The Indian Institute of Technology (IIT) Delhi has designed a device to generate electricity from raindrops, water streams, water drops, and even ocean waves using the 'triboelectric effect' and electrostatic induction. The electricity generated by the device, known as 'Liquid-solid Interface Triboelectric Nanogenerator', can be stored in batteries for further use.
The statement released by the IIT Delhi said, "The device consists of specially designed nanocomposite polymers and contact electrodes and able to generate a few m milliwatt (mW) power, which is enough to power small electronic devices like watches, radio frequency transmitters, digital thermometers, healthcare sensors and pedometers. If we look at the old methods, such as using the piezoelectric effect, it can generate significantly more electricity."
The Triboelectric Effect
"The triboelectric effect has been a very well-known phenomenon for a very long time, and in this effect, charges are generated when two surfaces are in friction. The best explanation for that is when we move the blankets or jackets and see sparkling lights with the same effect. Recently it has been carefully investigated as an alternative for energy harvesting," said Professor Neeraj Khare from the Department of Physics in IIT Delhi.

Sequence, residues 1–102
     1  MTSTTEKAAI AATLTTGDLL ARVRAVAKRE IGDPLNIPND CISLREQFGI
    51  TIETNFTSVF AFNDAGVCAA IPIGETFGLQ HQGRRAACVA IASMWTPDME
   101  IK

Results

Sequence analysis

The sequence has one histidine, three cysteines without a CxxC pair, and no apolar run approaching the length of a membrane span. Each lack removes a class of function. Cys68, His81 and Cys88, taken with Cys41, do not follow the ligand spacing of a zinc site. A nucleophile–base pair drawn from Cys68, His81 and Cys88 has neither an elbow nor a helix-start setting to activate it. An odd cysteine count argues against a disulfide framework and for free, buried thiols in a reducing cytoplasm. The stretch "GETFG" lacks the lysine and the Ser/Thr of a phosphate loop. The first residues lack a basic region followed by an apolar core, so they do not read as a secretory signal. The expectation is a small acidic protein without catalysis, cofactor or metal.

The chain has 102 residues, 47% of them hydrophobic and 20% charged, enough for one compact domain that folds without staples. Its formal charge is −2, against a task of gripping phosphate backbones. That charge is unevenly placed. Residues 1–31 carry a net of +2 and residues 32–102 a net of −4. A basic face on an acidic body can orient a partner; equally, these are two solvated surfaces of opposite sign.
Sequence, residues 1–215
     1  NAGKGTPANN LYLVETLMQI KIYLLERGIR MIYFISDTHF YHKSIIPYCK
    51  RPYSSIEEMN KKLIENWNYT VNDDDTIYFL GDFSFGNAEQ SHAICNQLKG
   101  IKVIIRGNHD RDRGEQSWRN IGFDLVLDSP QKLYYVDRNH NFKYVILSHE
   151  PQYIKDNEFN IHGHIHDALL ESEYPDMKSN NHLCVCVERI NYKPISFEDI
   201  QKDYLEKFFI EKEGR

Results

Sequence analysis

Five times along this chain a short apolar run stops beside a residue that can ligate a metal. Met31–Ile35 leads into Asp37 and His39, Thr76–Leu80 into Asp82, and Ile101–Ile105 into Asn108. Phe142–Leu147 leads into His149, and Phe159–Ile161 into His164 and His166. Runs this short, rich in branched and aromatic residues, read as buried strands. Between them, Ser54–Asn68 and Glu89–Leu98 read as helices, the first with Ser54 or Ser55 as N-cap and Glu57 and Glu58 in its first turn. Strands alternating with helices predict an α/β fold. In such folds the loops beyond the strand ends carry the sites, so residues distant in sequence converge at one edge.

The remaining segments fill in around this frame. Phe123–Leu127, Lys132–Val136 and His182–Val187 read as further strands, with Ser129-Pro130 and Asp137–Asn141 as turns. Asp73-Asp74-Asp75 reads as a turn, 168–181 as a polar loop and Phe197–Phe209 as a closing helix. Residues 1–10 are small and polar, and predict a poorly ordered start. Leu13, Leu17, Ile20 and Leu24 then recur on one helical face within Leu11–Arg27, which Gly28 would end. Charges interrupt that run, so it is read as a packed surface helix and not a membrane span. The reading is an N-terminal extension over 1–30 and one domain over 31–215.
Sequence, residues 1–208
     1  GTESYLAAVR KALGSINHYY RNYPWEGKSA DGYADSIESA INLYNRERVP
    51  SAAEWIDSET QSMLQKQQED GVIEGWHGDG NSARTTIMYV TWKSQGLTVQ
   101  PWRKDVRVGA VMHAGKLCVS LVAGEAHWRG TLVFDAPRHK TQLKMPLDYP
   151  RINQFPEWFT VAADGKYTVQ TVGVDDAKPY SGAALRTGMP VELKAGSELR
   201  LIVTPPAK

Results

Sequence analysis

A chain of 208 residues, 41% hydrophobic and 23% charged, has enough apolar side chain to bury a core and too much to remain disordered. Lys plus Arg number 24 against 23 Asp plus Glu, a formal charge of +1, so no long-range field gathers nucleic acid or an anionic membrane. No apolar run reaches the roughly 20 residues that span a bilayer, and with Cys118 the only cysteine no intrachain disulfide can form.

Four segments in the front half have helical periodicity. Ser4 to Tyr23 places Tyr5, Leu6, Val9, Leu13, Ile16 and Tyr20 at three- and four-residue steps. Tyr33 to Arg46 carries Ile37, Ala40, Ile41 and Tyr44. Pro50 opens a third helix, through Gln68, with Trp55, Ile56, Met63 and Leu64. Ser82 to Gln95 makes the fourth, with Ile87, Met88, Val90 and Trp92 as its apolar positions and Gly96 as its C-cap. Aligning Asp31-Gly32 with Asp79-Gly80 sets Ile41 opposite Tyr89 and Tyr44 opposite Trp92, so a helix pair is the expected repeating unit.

Professor Khare and his entire team at the Nanoscale Research Facility (NRF) IIT Delhi have been working on harvesting electrical energy from wasted mechanical vibrations using the triboelectric effect. The team has also filed an Indian patent on the various aspects of the use of ferroelectric polymer for harvesting mechanical energy, including the current device.
Ministry of Electronics and Information Technology (MEITY) and the Ministry of Science and Technology both have supported the research work under the NNetRa project. Researchers are also exploring the underlying mechanism of the electricity generated when the water drop comes in contact with the solid surface. It was found that saline water drops generate more electricity.